Goal is deterring Iran, not war, say Trump officials

By Associated Press Reporters

Top Trump administration officials have told Congress that recent actions by the US in response to the situation in Iran have deterred attacks on American forces.

After a day of closed-door briefings on Capitol Hill, Secretary of State Mike Pompeo and Acting Defence Secretary Patrick Shanahan said their objective over recent days has been to deter Iran and now they want to prevent further escalation.

“We’re not about going to war,” Mr Shanahan told reporters.

“Our biggest focus at this point is to prevent Iranian miscalculation,” said Mr Shanahan, flanked by Mr Pompeo, after back-to-back briefings for the House and Senate.

“We do not want the situation to escalate.”

ActingUS defence secretary Patrick Shanahan (Patrick Semansky/AP)

The officials arrived on Capitol Hill as questions mounted over President Donald Trump’s tough talk on Iran and sudden policy shifts in the region.

Sceptical Democrats sought out a second opinion, holding their own briefing with former Obama administration officials, former CIA director John Brennan and Wendy Sherman, an architect of the Iran nuclear deal.

The competing closed-door sessions on Tuesday came after weeks of escalating tensions that raised alarms over a possible military confrontation with Iran.

Mr Trump, veering between bombast and conciliation in his quest to contain Iran, threatened on Monday to meet provocations by Iran with “great force”, but he also said he was willing to negotiate.

The results of the meetings on Tuesday were mixed, with views settling largely along partisan lines.

Senator Mitt Romney said the action taken by the Trump administration “is totally appropriate” and sends a message that “if you attack our people, there will be a response”.

Mr Romney characterised it as defensive in nature and meant to deter Iran from “malign” actions.

Democratic Representative Ruben Gallego, a veteran of the Iraq War, left the classified House briefing, saying: “What I heard in there makes it clear that this administration feels that they do not have to come back and talk to Congress in regards to any action they do in Iran.”

Secretary of State Mike Pompeo on Capitol Hill in Washington (Patrick Semansky/AP)

Democrats are particularly concerned the Trump administration may try to rely on nearly 20-year-old war authorisations rather than seek fresh approval from Congress for any action.

Senate Minority Leader Chuck Schumer said he told Mr Pompeo and the others their consultation with Congress has been “inadequate”.

Mr Shananan said he and the others heard that message and vowed to better communicate with lawmakers and the public.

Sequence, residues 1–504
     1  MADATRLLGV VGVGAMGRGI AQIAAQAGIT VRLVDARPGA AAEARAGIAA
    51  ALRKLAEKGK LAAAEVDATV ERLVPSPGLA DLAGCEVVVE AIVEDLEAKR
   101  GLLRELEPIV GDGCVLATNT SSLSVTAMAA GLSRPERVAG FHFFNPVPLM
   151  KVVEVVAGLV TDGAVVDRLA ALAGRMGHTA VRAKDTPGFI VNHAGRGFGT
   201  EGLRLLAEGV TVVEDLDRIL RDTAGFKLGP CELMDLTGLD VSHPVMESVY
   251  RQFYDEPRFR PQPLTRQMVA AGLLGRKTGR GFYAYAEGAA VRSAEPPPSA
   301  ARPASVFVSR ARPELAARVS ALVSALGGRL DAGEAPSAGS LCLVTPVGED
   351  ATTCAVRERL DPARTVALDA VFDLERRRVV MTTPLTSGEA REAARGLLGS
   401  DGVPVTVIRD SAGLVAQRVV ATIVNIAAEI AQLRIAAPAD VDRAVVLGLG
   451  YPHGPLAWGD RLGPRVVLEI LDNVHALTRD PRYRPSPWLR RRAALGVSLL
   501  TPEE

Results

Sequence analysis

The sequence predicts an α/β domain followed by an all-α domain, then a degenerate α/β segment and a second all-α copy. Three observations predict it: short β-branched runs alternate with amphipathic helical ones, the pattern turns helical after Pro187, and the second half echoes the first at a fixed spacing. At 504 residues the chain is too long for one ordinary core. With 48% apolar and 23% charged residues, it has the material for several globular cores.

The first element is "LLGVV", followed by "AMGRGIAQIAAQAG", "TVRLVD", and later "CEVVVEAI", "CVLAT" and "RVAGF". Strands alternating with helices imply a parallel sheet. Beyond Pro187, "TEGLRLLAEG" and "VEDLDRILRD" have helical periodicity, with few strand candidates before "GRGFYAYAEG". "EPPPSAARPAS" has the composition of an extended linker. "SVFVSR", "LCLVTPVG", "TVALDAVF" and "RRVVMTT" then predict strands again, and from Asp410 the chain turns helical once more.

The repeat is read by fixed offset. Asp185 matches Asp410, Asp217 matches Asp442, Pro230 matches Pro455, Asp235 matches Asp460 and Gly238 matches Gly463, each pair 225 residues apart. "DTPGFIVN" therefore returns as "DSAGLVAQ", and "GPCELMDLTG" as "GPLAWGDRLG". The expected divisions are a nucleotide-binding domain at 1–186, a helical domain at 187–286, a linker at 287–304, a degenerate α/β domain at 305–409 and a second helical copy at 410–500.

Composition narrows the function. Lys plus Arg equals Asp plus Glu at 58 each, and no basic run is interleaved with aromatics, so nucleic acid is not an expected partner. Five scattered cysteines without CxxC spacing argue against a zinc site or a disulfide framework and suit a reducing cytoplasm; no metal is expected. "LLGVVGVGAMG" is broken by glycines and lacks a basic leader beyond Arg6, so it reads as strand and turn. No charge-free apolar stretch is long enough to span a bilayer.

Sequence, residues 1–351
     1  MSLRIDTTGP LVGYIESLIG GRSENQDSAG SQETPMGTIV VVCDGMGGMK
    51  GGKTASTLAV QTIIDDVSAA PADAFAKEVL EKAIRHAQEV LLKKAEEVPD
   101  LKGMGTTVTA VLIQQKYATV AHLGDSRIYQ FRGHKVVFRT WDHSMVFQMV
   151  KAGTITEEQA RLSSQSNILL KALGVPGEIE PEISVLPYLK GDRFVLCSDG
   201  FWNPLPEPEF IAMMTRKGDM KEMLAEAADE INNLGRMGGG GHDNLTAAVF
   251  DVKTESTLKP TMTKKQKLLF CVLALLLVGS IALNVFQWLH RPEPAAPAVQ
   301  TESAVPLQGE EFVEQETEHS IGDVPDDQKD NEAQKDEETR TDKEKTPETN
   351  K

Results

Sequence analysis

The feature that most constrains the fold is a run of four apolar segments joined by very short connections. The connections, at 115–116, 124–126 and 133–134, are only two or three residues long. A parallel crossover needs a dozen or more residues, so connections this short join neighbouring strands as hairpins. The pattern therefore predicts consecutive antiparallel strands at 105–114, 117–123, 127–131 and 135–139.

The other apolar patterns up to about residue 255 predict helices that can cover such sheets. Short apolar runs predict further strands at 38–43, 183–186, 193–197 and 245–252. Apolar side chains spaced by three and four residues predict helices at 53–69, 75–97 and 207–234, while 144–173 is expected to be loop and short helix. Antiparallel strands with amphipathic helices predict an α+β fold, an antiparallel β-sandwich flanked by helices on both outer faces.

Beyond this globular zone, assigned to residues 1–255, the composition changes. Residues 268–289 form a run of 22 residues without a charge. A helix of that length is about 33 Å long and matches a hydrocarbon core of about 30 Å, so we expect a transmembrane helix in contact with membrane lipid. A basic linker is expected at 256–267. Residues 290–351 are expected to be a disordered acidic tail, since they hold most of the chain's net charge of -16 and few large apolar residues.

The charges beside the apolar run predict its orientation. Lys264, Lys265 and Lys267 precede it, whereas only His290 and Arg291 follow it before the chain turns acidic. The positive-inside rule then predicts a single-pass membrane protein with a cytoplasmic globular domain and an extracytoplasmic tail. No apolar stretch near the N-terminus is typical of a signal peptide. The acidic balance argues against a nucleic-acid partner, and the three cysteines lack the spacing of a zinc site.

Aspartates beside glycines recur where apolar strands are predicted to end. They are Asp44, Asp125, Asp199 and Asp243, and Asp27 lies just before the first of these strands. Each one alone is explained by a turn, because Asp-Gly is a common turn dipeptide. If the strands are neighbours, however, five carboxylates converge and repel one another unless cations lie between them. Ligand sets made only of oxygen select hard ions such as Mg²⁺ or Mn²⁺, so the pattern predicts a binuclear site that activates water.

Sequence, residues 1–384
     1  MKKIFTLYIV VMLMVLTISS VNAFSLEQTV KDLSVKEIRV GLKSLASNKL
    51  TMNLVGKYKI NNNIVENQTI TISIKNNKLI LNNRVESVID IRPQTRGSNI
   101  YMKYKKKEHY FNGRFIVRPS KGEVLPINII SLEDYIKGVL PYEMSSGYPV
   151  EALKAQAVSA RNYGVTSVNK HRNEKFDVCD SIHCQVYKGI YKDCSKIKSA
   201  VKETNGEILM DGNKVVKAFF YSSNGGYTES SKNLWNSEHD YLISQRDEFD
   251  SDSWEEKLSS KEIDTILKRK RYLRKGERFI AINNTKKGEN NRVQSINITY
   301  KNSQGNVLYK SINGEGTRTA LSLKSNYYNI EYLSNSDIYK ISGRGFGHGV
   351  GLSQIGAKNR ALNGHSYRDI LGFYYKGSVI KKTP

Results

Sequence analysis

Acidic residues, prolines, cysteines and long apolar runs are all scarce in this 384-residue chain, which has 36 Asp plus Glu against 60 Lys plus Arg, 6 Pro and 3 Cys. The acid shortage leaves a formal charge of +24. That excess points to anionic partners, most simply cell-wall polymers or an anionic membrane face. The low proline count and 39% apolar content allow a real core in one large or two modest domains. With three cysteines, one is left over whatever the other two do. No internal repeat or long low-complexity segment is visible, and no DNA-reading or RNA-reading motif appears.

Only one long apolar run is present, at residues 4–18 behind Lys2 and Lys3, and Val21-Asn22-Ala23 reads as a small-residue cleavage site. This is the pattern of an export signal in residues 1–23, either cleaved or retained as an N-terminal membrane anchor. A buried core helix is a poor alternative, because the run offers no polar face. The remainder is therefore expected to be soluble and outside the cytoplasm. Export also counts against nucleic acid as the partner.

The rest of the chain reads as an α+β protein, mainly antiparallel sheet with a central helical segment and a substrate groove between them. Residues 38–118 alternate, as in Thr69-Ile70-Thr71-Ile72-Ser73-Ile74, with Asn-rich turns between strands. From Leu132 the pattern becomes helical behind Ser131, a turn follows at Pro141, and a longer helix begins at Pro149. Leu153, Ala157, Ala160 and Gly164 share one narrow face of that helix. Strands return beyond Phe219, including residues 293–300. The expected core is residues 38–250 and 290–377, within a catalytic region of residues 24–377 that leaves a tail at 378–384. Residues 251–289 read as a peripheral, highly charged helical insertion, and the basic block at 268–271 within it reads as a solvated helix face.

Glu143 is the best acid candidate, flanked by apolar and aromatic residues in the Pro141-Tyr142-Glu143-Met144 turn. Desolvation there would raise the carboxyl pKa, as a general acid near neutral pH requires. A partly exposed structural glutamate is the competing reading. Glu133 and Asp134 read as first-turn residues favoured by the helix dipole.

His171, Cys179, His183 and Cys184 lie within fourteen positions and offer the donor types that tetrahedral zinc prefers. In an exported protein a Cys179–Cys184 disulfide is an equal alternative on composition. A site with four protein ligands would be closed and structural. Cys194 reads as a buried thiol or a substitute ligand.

In recent weeks, the US sent an aircraft carrier strike group, four bomber aircraft and other assets to the region, and is moving a Patriot missile battery to an undisclosed country in the area.

The Trump administration has evacuated non-essential personnel from Iraq, amid unspecified threats the administration says are linked to Iran.

Mr Shanahan said the recent US actions in the region were based on “credible threats” to US forces and interests in the Middle East.

“We have deterred attacks based on our repositioning of assets, deterred attacks against American forces,” he said.

Top Democrats say Mr Trump escalated problems by abruptly withdrawing the US from the Iran nuclear deal, a complex accord negotiated during the Obama administration to prevent Iran from nuclear weapons production.

“I have yet to see any exhibited strategy,” said Democratic Representative Abigail Spanberger, a former CIA officer.

Representative Adam Schiff, the chairman of the House intelligence committee, said, “What I’m interested in more right now is what the administration’s strategy is — if they have one — to keep us out of war.”

Republicans and Mr Trump’s allies in Congress said the threats from Iran are real.

The US military appears to have concluded that Iran was behind the reported attack on May 12 on four commercial vessels off the coast of the United Arab Emirates.

A US official said on Monday a probe into the attack was finished and evidence still pointed at Iran, although the official did not provide details.

On Sunday, a rocket landed near the US Embassy in the Green Zone of Iraq’s capital of Baghdad, days after non-essential US staff were ordered to evacuate from diplomatic posts in the country. No one was reported injured.

Defence officials said no additional Iranian threats or incidents had emerged in the days since the USS Abraham Lincoln carrier battle group arrived in the Arabian Sea late last week.

Iran, meanwhile, announced that it has quadrupled its uranium-enrichment production capacity.

Officials said it remains set to the limits of a 2015 nuclear deal with world powers, making it usable for a power plant but far below what is needed for an atomic weapon.

Tehran long has insisted it does not seek nuclear weapons, although the West fears its programme could allow it to build them.